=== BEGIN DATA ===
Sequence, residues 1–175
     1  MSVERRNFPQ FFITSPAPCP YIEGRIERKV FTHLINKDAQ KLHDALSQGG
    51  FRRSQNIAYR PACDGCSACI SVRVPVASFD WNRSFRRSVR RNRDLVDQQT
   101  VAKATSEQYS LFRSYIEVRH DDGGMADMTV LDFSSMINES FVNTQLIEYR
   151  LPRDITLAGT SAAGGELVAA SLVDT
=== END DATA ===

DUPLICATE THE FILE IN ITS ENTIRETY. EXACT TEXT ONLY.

Sequence, residues 1–175
     1  MSVERRNFPQ FFITSPAPCP YIEGRIERKV FTHLINKDAQ KLHDALSQGG
    51  FRRSQNIAYR PACDGCSACI SVRVPVASFD WNRSFRRSVR RNRDLVDQQT
   101  VAKATSEQYS LFRSYIEVRH DDGGMADMTV LDFSSMINES FVNTQLIEYR
   151  LPRDITLAGT SAAGGELVAA SLVDT